Interfaith Spaces and Conversation: Translating Ideals of Religious Pluralism Into Community
In many ways, Tufts students have come to appreciate the diverse and vibrant opportunities for exploring questions of spirituality and building faith-based communities. The Interfaith Center, with its large windows that invite sunlight into its neutrally-colored interiors, is the product of a concerted effort by Tufts University to create a space that functions as a hub for community meetings, spiritual curiosity, and the sharing of ideas.
This building is the physical manifestation of longstanding ideals of civic engagement and religious pluralism at Tufts. This tradition spawned Conversation Action Faith and Communication (CAFE), a Pre-Orientation program that offers an opportunity for students to engage with these ideals at the very beginning of their time at Tufts. Community of Faith Exploration and Engagement (COFFEE), a year round extension of CAFE, encourages students to continue their engagement once their lives at Tufts are underway.
Freshman Romy Arie, the student affairs coordinator for COFFEE, said that she was drawn to CAFE due to “the community organizing aspect. I think a lot of people don’t realize that a really big goal of CAFE is to learn about community organizing… It’s not necessarily a faith [centered] Pre-O.”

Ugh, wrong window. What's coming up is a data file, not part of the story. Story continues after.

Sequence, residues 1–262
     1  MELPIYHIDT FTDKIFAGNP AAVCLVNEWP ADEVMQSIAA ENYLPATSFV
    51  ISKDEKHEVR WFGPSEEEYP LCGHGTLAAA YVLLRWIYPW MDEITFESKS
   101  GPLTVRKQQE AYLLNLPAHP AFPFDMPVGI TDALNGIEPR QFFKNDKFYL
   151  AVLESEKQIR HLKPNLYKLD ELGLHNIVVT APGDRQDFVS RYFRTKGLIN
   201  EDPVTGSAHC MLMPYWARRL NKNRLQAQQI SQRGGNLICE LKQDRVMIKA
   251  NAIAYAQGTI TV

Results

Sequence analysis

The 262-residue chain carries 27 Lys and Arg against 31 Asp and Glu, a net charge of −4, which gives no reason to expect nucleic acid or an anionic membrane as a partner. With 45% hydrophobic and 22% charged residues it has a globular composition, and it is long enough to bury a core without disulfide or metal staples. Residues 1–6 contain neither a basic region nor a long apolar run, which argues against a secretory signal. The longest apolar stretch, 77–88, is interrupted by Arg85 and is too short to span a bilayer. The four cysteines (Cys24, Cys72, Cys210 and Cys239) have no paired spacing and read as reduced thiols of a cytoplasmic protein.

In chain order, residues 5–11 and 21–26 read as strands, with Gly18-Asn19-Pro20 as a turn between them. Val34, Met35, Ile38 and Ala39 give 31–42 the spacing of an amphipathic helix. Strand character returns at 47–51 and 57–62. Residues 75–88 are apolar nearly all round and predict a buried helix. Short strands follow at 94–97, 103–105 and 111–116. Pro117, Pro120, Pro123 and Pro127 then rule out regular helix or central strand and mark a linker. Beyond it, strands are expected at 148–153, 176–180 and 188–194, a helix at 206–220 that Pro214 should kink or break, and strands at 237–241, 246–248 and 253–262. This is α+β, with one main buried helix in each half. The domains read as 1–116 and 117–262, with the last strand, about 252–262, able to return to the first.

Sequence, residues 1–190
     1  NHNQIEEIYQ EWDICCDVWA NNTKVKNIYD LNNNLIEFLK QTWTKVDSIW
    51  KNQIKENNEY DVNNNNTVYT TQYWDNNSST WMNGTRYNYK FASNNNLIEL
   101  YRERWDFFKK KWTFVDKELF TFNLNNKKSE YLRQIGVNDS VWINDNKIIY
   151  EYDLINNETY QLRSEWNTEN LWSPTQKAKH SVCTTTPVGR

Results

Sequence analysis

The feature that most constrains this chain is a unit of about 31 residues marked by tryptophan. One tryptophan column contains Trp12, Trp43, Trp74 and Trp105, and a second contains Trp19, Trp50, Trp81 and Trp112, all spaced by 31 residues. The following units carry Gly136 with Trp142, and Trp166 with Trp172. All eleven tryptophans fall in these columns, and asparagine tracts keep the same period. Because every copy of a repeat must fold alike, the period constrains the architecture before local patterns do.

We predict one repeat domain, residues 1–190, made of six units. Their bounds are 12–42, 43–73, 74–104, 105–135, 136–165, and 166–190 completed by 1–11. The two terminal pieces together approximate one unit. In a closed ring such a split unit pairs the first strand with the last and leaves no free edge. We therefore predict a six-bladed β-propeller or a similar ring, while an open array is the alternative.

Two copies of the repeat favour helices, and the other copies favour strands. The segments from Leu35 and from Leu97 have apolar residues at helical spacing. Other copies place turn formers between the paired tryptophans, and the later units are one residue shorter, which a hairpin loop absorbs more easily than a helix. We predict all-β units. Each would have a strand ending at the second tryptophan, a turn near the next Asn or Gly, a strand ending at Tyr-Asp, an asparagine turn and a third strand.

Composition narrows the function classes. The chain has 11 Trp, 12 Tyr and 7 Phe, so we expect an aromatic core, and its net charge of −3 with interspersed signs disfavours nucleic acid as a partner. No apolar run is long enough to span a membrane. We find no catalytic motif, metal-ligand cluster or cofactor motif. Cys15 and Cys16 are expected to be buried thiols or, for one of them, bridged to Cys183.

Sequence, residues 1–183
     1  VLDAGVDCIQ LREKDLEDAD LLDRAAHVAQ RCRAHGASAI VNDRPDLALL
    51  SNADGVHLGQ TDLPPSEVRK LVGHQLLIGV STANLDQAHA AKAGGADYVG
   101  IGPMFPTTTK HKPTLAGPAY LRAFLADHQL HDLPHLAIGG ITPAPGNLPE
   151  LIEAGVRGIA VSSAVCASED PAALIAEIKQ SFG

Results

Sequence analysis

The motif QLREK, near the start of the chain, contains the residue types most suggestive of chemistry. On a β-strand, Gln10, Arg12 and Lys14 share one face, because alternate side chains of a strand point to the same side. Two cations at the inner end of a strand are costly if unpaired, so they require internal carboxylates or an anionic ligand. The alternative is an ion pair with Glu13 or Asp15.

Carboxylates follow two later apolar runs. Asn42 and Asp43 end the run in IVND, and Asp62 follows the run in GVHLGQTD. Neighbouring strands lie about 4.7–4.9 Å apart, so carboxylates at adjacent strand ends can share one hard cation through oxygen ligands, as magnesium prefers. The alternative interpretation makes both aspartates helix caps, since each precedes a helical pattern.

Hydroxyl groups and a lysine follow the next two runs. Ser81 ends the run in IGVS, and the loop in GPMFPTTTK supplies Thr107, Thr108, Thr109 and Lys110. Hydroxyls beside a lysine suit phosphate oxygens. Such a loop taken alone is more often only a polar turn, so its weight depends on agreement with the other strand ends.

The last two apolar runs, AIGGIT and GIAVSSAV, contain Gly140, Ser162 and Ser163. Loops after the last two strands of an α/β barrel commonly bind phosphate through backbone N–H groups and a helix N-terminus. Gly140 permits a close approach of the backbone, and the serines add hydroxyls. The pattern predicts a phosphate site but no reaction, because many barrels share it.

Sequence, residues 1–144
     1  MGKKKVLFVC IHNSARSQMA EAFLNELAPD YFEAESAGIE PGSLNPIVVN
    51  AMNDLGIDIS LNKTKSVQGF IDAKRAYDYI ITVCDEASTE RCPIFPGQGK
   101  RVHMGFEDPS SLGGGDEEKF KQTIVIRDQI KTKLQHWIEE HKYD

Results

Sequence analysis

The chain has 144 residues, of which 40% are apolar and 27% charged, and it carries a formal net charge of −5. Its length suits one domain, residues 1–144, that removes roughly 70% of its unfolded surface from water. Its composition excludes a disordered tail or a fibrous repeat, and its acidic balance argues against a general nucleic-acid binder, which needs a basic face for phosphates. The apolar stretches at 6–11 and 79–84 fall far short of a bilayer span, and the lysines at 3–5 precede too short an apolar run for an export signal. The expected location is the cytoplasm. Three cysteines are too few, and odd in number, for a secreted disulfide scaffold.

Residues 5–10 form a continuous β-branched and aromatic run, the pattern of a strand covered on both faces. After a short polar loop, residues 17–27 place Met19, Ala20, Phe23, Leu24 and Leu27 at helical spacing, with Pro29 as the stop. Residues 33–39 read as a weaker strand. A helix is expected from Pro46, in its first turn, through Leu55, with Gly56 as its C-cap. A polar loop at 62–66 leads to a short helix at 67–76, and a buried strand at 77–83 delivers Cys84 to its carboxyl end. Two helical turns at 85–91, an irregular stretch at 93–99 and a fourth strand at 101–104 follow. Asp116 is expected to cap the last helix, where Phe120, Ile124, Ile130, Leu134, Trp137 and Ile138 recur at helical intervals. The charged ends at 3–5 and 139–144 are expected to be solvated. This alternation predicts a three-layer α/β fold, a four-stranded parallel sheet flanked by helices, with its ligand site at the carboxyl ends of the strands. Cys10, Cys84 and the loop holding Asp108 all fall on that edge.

The intersection between faith and community engagement is not new to Tufts. In Senior John Lazur’s directed research project that seeks to explore the evolution of faith and spirituality at Tufts, they found that the university has been interested in ideals of religious pluralism since its founding. Admittedly, “Tufts was founded as a Universalist institution by Universalists, and in a lot of senses, for Universalists. But, also, when it was founded as a college there was an immediate commitment to a nonsectarian education,” said Lazur. “This immediate commitment to nonsectarian education—if not secular education—[ran] in counter to other colleges and universities, especially in New England,” they continued.
Lazur’s research expounds on Tufts’ commitment to social engagement as intertwined with the religious identities of its students. Crane Theological School, Tufts’ divinity school, opened in 1869 and closed a century later. The school “always struggled financially, it always struggled academically, [and] it was never accredited,” Lazur said. By 1915 to 1920, the Universalist presence had become somewhat of a minority. Because of this, the Crane Theological School “shifted the focus. It was no longer about any relation to Universalist theology. [Instead it asked,] how do we prepare in terms of practical skills? How do we prepare these students to be religious leaders for social and moral improvement in the world?”
Within this context, Tufts’ emphasis on interfaith spaces and explorations of faith as it relates to civic engagement appears to descend from a broader legacy of religious pluralism and social outreach.
Speaking to her experience in COFFEE, sophomore Grace Rotermund expressed her belief that COFFEE can be thought of as a community space before a religious space. Framing a purportedly faith-centered university program as a space that primarily fosters an exploration of personal and community values speaks to the evolution of experiences of faith on campus.